Over the Ramadan month, viewers of Hala TV – Israel’s first and only commercial Arabic television broadcaster – were treated to an unusual series of interviews. Host Fadi Jabber quizzed Knesset members, mayors, cultural figures and others as he raced his sports car down dirt roads.
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Jabber and his hosts were swinging from side to side and holding tight to anything that seemed stable as the dust flew up around them. Jabber certainly didn’t mean anything more than creating a new and original format during a peak viewing month in the Muslim world. But the show could just as easily served as a metaphor for the TV station that employs him.
Hala TV looks on a collision course no less than Jabber’s sports car: It has run up 60 million shekels ($17 million) in debt in the five years since it was launched, the debt keeps growing and it has no way to repay it. Moreover, Israel’s Cable and Satellite TV Council is slated to hold discussions in the next few weeks about whether Hala TV is meeting the terms of its license.
When it first aired in 2012, in a festive launch at a fashionable Jaffa restaurant, its prospects looked bright. Eight partners had agreed to back it, and they were confident they could create original and attractive programming for Israel’s Arabs – who make up some 20% of the population.
They included the two Channel 2 television franchisees (Reshet and Keshet); Bassam Jaber, who controls the biggest Arab-language news site in Israel and the weekly newspaper Panorama; and the partners in Sectors, Israel’s largest Arabic ad agency.
But there was a critical flaw in the business plan. Nearly all Israeli Arabs have private satellite dishes that connect them to about 1,000 Arabic language channels from around the world for a one-time cost of as little as 500 shekels. Not surprisingly, 90% don’t bother with Israeli cable or satellite, and its monthly fees.
It didn’t take long for Hala TV to start accumulating debt and to cut back on content in face of low viewership. Infighting among the partners made things worse.
Hala TV is in a vicious circle of little advertising and low ratings. It says its infinitesimal ratings don’t reflect its true viewership because Israeli Arabs are underrepresented in representative audience samples. No matter, big advertisers won’t buy time because without ratings it’s hard to price ad rates. And without advertising, Hala TV can’t afford to create and buy programming that would attract more viewers.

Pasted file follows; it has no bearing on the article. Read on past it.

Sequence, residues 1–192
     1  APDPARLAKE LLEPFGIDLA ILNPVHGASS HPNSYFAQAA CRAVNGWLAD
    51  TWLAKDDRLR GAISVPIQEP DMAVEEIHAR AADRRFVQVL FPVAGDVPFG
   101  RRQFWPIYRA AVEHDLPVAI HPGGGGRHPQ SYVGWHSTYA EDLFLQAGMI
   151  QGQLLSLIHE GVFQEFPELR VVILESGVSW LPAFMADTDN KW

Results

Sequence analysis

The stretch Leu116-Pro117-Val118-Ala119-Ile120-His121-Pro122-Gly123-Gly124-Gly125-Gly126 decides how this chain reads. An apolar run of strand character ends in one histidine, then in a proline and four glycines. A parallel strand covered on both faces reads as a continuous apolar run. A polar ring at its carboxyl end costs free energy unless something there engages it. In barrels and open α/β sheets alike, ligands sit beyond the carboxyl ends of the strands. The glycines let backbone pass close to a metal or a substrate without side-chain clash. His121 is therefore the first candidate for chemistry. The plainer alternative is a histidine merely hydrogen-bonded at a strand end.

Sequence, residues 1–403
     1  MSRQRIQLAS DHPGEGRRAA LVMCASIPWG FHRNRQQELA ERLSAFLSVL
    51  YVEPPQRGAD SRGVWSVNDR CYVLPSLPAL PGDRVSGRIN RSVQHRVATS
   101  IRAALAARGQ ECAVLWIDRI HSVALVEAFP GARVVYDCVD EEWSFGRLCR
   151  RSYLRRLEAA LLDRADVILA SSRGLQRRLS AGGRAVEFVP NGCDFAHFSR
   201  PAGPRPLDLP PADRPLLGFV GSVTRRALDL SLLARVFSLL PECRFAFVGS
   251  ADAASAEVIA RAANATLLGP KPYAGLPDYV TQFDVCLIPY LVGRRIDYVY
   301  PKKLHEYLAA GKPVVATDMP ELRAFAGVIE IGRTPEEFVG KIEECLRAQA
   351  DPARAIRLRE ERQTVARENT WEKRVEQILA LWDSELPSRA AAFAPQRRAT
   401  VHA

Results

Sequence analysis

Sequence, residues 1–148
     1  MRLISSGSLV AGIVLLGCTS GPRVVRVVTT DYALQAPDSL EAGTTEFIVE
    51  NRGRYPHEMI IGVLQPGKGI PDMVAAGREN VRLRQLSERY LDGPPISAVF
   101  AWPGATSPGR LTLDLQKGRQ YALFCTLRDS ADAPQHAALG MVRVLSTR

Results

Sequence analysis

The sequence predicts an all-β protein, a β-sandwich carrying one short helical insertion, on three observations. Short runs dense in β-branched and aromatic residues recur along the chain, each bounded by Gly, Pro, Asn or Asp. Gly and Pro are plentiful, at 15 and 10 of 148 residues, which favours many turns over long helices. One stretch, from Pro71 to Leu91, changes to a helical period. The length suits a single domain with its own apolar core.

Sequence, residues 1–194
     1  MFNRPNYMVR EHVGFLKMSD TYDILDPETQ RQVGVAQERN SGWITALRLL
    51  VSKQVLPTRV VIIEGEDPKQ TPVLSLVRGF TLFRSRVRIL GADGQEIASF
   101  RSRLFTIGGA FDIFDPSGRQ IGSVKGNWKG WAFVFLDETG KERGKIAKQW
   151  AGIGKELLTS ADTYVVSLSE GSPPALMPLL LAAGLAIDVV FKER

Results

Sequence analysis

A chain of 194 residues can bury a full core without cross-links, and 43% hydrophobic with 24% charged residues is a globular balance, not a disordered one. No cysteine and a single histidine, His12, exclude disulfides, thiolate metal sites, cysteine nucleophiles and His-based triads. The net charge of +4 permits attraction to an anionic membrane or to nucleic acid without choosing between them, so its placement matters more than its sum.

After two years and an investment of some 30 million shekels, the partners had had enough and were ready to abandon the channel. Jaber, however, agreed to buy it at a valuation of 2 million shekels, and today he controls more than 95% of the shares.
“We’re giving the Arab public the content it wants, but not as a favor,” he said. “We’re not a political channel either, but a broadcaster that want to talk to our community as equals, modestly and transparently. In the end, however, we’re a business.”
Jaber told TheMarker that the broadcaster is currently breaking even with revenues of about 2.5 million shekels annually and 20 employees. It saves a lot of costs by sharing news with his Panet website.
Part of the broadcaster’s problem is the local-content requirements it needs to meet as part of its license terms. That amounted to 4 million shekels in its first year, rising to 11.5 million in its fourth, and from there it is supposed to grow 10% a year. Hala TV has never met the minimum and it still amassed a huge debt.
Today, Hala TV relies on foreign content. Its local content is mostly studio shows and about 90 minutes of current affairs. That leaves the Cable and Satellite TV Council with a dilemma – to shut down Hala TV for violating its license or not.
Hala TV’s woes aren’t unique. All four niche channels, including Channel 20 for religious Jews and a Russian-language channel, have also failed to meet the local-content requirement, said Yifat Ben-Hai Segev, the council’s chairwoman. She wants to change the content requirement for niche channels, she said.
“The regulation is bankrupt and I said we need to change it,” she said, “but I was told it has to be done through legislation and we’re waiting now for the legislation,” adding that having an Arabic-language channel “was a top national interest.”